With a second cat moving in this week, I am even more curious than before about what happens at home when no human is around.
There is a range of products that offer pet monitoring. Given I have an unused Raspberry Pi and a spare webcam lying around, I decided to DIY the solution.
Building a pet cam using a Raspberry Pi, a webcam and tailscale
As it turns out, this is easy: Take a Raspberry Pi, connect a webcam and install motion – an open source tool that exposes the webcam stream over the local network.
To enable remote access, I used tailscale which creates a private network for all my devices, no matter where they are located physically.
This guide has great step by step instructions which take less than 30 minutes to complete: https://tailscale.com/kb/1076/dogcam/
One thing to note: Pick the right Raspberry Pi. I started off with the model B+ (from 2014) which is a little underpowered and even has issues running the current Raspberry Pi OS smoothly. Luckily, I also had a “Pi 3 Model B” sitting in a drawer which did the job just fine.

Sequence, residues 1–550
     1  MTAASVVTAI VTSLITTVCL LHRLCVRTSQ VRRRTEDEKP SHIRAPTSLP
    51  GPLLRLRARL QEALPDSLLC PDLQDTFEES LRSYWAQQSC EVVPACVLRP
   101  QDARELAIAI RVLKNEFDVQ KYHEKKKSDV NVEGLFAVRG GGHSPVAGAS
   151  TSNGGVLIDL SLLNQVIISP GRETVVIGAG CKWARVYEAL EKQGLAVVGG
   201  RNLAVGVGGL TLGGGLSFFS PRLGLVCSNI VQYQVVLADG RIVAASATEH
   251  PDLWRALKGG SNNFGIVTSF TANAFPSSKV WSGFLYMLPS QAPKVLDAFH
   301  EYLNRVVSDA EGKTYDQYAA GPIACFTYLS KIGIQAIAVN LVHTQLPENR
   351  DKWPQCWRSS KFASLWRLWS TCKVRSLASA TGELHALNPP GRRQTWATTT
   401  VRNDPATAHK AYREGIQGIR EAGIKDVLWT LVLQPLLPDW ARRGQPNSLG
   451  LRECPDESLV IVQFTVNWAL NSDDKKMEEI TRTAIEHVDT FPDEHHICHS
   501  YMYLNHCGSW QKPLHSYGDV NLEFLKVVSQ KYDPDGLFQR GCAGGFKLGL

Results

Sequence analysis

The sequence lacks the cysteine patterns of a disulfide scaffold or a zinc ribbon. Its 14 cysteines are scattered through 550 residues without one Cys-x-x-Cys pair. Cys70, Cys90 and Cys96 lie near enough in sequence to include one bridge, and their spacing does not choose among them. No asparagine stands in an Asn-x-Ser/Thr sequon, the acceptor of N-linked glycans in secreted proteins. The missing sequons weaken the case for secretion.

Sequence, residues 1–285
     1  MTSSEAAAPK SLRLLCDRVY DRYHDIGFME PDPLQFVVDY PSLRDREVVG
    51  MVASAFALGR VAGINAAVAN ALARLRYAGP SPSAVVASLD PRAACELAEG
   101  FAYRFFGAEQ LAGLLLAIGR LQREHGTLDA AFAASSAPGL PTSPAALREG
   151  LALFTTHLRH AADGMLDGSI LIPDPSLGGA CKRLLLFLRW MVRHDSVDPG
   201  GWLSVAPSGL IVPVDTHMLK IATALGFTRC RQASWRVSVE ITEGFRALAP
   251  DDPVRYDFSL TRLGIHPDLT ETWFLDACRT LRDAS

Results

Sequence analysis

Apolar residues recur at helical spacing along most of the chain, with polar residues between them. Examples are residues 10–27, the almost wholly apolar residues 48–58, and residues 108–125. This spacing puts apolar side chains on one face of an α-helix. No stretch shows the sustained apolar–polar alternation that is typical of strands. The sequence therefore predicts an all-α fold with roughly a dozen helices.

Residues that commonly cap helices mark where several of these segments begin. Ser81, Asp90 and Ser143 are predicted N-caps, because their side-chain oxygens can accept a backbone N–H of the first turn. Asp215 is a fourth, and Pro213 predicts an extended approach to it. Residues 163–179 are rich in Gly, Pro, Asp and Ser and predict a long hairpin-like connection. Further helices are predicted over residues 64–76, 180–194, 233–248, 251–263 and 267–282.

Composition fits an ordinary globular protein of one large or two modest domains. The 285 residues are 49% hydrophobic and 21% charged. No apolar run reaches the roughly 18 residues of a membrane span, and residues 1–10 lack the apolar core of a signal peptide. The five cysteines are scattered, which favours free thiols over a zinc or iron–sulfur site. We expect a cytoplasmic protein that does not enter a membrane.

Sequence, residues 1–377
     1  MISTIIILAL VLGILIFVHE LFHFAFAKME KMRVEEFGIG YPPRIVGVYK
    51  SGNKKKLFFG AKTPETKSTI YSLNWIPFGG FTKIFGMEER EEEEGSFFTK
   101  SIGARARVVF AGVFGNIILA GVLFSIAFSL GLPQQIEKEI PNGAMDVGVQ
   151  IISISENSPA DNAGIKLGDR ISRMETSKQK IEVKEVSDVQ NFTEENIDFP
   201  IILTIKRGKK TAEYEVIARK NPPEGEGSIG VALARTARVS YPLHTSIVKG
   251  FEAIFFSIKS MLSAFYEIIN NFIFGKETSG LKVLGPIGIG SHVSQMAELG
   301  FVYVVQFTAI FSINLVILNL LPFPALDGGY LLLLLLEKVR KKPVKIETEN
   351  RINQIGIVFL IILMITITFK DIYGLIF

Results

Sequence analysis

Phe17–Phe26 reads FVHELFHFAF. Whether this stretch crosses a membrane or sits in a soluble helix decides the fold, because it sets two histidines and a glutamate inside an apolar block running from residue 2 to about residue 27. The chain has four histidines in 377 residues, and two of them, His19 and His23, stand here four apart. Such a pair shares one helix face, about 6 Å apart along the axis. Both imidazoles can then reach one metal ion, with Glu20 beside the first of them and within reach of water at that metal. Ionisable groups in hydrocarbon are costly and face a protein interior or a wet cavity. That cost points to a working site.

Save snapshots when motion detected
The motion project comes with some handy features: Whenever motion is detected, it will save a snapshot frame and even short videos. These are stored on the Pi (under
/var/lib/motion by default) and include the time of the event.
Even when not watching the webcam stream, these recordings allow a summary of what the furballs were up to while I’m gone.
Tailscale: Pretty cool
I hadn’t used it before, but tailscale really was perfect for this case: The Raspberry Pi is one device in my virtual network. The other two I’ve added are my laptop and my phone.
Anytime I want to check the webcam stream I simply open the browser and access the (virtual?) IP of the Pi.
On the iPhone, I added that URL to the home screen so the ominous toilet stream is always in reach.
Next level: Five eyes
The initial setup was easy. I now have one webcam that I can place anywhere (anywhere the ethernet cable reaches, that is). A set of these would be cool so that I could monitor all movement in the flat.
My ambitions to build the next NSA for cats are limited though, so I’ll probably stick to a single cam and point it at one key location. Right now it’s looking at the litter box and I’m working on a spreadsheet to plot the bowel movements of the little one. Uhm, yeah.
The new oil
Another idea for the next step: Collect the visual data over time and run some vision algorithms. How often do they eat? Do they really sleep 16 hours a day? Who spends more time in each room? All of them cool ideas (which I’ll never implement, let’s be honest).
This was a quick project. I can now check in on my cats when I’m out and about. A Saturday afternoon well spent.